Interested in eating less meat for ethical or health reasons but want the benefits of ketosis? Good news: following a vegan keto diet (or vegetarian keto diet) is entirely possible!
Here’s a breakdown of what to eat on vegan keto.
Vegan Keto Fats
Eat an abundance of healthy plant-based fats! Those include:
- Coconut meat and coconut oil
- Avocado and avocado oil
- Olives and olive oil
- Low-carb nuts and seeds (see list below)
- Palm oil
- MCT oil or MCT oil powder
Vegan Keto Proteins
Many vegan “mock meats” and other packaged foods are full of carbs, so it’s best to stick with whole food proteins as much as possible. Here are the best:
Nuts and Seeds
Nuts and seeds are good sources of protein and fat, making them a good option for vegan keto.
Choose low-carb nuts like:
- Brazil nuts
- Macadamia nuts
And seeds like:
- Chia seeds
- Flax seeds (make sure they’re ground)
- Hemp seeds
- Sunflower seeds
- Pumpkin seeds
Also known as soybeans, edamame are the base of tofu and tempeh. You can eat them roasted, dry roasted, and in salads or other keto dishes.
A ½ cup of edamame contains about 4g fat, 8.5g protein, and 3.5g net carbs.
Tempeh is made from fermented soybeans, making it a gut- and digestion-friendly food. The fermented soybeans are binded together into a block shape.
One serving of plain tempeh has about 4.5g fat, 15 grams of protein, and 3g net carbs.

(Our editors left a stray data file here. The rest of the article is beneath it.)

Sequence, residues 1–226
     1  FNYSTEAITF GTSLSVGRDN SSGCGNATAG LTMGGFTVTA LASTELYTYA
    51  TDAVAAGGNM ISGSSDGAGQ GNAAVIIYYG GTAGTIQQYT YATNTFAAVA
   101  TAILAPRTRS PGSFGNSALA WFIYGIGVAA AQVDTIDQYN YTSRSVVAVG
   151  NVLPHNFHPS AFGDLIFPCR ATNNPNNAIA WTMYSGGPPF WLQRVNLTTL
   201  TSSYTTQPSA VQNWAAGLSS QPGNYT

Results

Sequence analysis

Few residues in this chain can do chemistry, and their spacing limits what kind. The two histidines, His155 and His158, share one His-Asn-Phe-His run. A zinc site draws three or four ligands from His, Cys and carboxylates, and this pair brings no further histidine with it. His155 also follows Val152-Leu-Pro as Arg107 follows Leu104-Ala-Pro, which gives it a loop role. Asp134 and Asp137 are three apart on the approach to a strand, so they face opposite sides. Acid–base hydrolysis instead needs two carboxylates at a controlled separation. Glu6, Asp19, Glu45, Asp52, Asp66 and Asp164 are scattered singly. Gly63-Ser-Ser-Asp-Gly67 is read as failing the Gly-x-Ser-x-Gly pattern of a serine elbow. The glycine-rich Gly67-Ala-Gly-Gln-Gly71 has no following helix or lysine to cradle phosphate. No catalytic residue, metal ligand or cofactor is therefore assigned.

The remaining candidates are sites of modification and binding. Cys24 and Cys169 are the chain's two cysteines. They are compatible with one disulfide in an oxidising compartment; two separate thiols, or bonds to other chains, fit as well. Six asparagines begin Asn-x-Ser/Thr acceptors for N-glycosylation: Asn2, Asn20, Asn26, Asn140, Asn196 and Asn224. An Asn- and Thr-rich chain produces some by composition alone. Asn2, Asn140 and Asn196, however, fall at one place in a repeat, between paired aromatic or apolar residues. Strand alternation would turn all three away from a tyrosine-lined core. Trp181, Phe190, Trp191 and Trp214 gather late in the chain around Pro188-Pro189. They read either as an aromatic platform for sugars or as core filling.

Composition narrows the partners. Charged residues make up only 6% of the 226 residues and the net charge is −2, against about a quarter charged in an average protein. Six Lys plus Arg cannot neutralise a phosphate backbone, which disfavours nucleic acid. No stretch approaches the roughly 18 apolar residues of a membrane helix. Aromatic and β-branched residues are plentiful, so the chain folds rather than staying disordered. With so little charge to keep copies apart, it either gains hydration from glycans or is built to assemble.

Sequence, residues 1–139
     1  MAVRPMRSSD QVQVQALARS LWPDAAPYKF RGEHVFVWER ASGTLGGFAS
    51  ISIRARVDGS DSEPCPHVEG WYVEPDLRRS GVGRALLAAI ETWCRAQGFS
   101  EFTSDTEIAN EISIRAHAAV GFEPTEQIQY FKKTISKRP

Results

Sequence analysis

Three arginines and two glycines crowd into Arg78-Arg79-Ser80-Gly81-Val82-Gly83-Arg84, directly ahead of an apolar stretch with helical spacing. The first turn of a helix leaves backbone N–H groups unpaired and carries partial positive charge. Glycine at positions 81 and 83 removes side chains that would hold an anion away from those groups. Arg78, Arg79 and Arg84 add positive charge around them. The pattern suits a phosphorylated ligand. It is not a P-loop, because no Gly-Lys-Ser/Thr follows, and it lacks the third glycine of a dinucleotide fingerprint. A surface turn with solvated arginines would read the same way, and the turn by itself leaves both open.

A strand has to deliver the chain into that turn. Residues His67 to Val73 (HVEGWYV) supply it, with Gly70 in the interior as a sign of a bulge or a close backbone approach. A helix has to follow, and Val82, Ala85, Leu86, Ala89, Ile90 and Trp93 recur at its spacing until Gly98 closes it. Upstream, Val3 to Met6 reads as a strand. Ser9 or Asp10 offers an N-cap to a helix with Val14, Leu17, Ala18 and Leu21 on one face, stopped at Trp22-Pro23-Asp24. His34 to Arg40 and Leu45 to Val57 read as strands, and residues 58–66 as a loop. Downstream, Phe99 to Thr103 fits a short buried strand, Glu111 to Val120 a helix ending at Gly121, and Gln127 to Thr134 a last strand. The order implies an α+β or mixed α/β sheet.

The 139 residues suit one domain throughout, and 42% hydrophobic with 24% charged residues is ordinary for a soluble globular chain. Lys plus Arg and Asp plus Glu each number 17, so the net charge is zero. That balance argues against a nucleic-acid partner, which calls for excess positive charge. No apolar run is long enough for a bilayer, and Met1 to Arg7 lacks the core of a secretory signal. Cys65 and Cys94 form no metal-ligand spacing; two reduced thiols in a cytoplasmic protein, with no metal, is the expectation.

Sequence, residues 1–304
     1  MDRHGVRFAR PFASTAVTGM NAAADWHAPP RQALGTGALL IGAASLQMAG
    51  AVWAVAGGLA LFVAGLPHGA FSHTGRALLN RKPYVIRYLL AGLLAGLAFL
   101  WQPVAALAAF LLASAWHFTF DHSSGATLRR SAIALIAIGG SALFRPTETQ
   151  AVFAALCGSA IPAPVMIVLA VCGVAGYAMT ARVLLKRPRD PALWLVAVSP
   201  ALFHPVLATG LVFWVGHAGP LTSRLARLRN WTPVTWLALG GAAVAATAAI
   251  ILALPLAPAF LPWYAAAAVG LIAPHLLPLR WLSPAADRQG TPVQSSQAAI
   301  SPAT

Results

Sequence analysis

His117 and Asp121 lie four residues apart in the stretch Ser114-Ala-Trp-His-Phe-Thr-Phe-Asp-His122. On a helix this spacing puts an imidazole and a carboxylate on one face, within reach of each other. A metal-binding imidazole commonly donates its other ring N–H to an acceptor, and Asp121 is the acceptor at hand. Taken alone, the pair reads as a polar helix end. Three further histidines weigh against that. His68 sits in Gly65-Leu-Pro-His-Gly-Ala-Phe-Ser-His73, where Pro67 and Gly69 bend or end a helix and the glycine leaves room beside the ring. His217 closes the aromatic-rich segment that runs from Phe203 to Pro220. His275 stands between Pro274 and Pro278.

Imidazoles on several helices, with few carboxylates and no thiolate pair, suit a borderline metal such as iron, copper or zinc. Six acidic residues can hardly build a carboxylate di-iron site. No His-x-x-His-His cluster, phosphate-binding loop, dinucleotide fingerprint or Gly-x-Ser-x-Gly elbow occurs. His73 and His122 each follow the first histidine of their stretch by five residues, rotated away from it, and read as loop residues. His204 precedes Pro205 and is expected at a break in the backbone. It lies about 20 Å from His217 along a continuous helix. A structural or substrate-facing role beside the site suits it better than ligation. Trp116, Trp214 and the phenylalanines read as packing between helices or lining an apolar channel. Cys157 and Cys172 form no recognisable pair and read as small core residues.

Make sure the tempeh:
- Contains no added flavors, seasoning, or grains that increase the carbs
- Is non-GMO and organic, as GMO soy foods may cause hormone dysregulation and inflammation
Like tempeh, tofu is made from soybeans. The beans are made into milk that is then coagulated and pressed into a meaty block.
Use soft tofu for blending in sauces, dressings, smoothies, or desserts and medium, firm, or extra firm for stir frying, frying, grilling, or baking.
Tofu is not as fiber-rich as tempeh, but it’s lower in carbs. A 3.5-ounce serving has about 4g fat, 8g protein, and 1g net carbs.
Always prioritize non-GMO and organic tofu.
Vegan Protein Powders
A low-carb plant-based protein powder helps you meet protein needs on a vegan ketogenic diet.
Add protein powders to smoothies, desserts, or mix with water or a low-carb plant-based milks.
Vegetarian Keto Proteins
If you’re a vegetarian who still eats eggs and dairy, your other protein options include:
- Dairy like ghee, unsweetened yogurts, butter, heavy cream, or raw goat’s milk (opt for grass-fed pasture-raised organic dairy)
Vegan Keto Dairy and Egg Alternatives
For egg substitutes in keto baking recipes, use (per egg):
- One tablespoon ground chia seeds or flax seeds whisked with three tablespoons filtered water
- Two tablespoons water mixed with one tablespoon oil and two teaspoons baking powder
- ¼ cup pureed soft tofu
- Egg replacers from Bob’s Red Mill (1g net carbs), Orgran (2g net carbs), or Ener-G (4g net carbs)
For scrambled “eggs” or “omelets,” use the Vegan Egg (0g net carbs).
For dairy substitutes, use:
- Coconut milk or cream, cashew milk, or almond milk (with little or no preservatives and no sugars)
- Vegan butters with healthy oils like Ellyndale Organics, Nutiva, or Miyoko’s
- Cashew cheese or low-carb vegan cheeses made with healthy oils
- Coconut or cashew yogurt (unsweetened)
Vegan Keto Carbs: Tons of Low-Carb Veggies
To stay in the KetoZone (carbs at 20 grams per day or lower), most of your carbs should come from low-carb vegetables, including:
- Leafy greens: spinach, lettuce, and kale
- Bell peppers
- Broccoli and cauliflower
- Brussels sprouts
- Garlic and onions
While eating a vegan ketogenic diet takes extra work initially, it’s completely possible! Overall, eat tons of plant-based fats, get enough protein, and focus on low-carb keto vegetables.